Ben turned slowly and walked back into the house. He wished he could have protected all of his sons from the harshness of life, at least until they were grown, but fate had played her hand and he had to live with in the same way as everyone else.
Adam was beginning to lose all hope of ever finding his youngest brother. He had looked every place he could think of and then some. Turning Sport in the direction of home, he trotted slowly towards the ranch deep in thought.
He didn’t know what made him think of it, but something must have brought back the memory. As children, he and Hoss had played at a hideaway at the far side of the lake and on occasions that had taken Joe along with them. Could it be that Joe had continued to visit the place in the intervening years? Spurring his horse into a steady gait, Adam headed back the way he had come.
Dusk was descending when Adam finally dismounted from Sport and continued on foot towards his destination. Pushing his way through the undergrowth, he heard Joe before he actually saw him. Stopping dead in his tracks, Adam listened to the muffled sound of his brother crying. Time stood still for a few minutes as Adam thought how best to proceed. Maybe it was a quirk of his own personality, for although he could deal with Joe’s temper tantrums, his sulkiness, stubbornness and mischievous nature; he found himself completely at a loss when faced with Joe’s tears. Taking a deep breath, Adam wished selfishly that it had been Hoss or his Pa that had found Joe. They would have done the right thing instinctively; hugging Joe to them and giving him the comfort he so desperately needed.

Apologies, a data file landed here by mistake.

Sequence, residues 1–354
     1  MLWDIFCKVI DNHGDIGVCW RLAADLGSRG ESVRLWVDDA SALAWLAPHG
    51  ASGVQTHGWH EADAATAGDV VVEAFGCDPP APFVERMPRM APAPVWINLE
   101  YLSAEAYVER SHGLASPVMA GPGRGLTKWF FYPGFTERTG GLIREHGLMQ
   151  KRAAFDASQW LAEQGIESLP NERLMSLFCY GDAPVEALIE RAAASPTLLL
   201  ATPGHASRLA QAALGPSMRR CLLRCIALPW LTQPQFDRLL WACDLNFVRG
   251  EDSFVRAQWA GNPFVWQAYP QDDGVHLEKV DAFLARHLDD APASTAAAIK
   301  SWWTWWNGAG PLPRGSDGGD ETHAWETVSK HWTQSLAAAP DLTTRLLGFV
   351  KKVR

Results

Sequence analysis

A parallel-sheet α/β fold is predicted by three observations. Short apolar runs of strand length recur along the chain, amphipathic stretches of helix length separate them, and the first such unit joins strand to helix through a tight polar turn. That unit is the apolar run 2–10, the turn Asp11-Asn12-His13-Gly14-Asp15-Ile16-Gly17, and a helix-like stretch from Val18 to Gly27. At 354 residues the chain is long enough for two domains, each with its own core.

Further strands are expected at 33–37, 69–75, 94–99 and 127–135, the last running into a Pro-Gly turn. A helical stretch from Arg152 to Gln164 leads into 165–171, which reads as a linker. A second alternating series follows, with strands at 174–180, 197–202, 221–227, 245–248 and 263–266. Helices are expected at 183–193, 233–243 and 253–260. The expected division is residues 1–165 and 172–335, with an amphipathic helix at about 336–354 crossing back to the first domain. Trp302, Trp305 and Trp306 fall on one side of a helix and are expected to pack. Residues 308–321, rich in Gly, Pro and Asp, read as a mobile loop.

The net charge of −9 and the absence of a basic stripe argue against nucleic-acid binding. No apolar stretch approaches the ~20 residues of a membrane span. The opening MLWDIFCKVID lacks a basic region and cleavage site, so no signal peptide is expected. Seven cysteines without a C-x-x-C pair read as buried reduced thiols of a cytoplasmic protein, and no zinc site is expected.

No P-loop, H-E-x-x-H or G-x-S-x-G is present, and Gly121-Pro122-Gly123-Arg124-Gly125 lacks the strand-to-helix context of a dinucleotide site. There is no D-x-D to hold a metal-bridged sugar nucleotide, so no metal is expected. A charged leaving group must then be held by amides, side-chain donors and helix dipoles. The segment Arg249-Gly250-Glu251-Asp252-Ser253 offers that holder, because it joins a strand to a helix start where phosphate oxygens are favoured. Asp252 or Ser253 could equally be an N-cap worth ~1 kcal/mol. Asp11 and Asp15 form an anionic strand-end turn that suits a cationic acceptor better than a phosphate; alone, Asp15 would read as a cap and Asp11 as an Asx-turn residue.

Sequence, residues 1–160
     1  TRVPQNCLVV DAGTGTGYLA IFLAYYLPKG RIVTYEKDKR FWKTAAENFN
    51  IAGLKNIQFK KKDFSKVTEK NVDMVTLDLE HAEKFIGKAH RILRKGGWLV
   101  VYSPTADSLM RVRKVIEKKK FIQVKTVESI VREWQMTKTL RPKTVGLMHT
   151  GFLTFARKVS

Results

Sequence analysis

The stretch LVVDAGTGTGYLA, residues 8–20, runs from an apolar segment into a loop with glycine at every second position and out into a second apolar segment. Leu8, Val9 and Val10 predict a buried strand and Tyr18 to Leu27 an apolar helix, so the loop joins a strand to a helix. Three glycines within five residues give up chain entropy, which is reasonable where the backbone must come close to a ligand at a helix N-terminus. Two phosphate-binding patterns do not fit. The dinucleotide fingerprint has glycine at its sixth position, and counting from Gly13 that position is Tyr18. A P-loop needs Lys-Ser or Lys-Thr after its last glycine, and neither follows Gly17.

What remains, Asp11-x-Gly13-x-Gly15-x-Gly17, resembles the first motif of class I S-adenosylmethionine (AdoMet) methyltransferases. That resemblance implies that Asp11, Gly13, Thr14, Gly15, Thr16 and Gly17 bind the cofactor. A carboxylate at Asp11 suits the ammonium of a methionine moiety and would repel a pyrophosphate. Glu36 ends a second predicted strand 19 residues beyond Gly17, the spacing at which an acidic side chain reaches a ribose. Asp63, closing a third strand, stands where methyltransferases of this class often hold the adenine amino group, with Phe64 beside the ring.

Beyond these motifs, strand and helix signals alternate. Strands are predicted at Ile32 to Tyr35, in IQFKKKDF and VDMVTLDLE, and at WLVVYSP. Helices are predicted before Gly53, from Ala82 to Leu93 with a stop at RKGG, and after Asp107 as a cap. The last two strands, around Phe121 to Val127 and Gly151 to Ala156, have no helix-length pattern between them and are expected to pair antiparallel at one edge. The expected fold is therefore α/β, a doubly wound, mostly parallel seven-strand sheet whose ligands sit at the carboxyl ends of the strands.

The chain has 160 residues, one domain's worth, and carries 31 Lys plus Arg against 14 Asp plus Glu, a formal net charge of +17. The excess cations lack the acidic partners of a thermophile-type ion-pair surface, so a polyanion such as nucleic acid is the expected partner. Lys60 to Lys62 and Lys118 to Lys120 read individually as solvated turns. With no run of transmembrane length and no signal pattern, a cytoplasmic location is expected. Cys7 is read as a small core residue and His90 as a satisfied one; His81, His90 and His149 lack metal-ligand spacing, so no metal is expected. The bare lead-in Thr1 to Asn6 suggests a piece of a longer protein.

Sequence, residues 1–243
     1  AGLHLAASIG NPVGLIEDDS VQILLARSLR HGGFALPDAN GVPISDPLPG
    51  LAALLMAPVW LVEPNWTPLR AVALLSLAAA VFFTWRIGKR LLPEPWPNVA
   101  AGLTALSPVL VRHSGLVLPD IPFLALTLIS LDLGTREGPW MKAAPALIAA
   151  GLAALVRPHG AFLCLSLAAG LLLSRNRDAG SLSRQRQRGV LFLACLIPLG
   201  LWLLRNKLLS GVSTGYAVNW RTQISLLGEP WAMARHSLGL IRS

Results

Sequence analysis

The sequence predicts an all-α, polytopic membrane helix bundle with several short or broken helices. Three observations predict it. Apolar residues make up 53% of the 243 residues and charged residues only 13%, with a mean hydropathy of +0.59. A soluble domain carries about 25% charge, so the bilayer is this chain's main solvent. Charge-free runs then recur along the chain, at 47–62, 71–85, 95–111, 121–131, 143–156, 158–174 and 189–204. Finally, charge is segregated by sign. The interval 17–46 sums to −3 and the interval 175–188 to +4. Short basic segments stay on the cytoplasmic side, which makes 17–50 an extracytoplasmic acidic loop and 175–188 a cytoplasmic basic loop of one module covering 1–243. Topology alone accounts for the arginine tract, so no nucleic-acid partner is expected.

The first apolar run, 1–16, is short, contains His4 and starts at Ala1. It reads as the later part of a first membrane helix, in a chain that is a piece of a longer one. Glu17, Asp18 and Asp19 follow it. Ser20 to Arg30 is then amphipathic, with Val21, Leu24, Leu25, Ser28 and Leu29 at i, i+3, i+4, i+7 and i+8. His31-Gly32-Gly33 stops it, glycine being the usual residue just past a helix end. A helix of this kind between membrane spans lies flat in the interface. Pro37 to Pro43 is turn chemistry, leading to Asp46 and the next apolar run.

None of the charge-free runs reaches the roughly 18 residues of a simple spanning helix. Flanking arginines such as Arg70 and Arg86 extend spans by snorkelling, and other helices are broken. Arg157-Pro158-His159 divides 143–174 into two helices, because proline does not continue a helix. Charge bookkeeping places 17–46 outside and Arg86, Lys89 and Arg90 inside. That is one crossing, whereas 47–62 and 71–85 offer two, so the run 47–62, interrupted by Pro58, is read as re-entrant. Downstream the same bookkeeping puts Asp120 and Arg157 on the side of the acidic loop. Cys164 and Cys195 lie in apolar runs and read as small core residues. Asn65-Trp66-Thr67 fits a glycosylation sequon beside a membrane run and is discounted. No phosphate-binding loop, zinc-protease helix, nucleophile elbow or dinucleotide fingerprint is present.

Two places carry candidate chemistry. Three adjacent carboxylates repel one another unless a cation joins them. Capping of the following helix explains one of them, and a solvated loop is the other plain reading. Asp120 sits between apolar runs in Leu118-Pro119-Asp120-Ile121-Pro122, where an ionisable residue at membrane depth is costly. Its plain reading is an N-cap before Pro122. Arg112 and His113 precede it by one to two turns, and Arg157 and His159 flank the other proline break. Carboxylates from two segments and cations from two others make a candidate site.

Joe had always been a tactile individual; from the day he was born he had needed touch in order to survive like other people needed water. When Joe was a baby, Adam had found it easy to pick him up and cuddle him, rubbing his back and stroking the downy soft skin. In the early years Adam’s relationship with Joe had strengthened and when Marie had died and Ben was no longer able to cope, it had been Adam that Joe had clung to and cried for at night.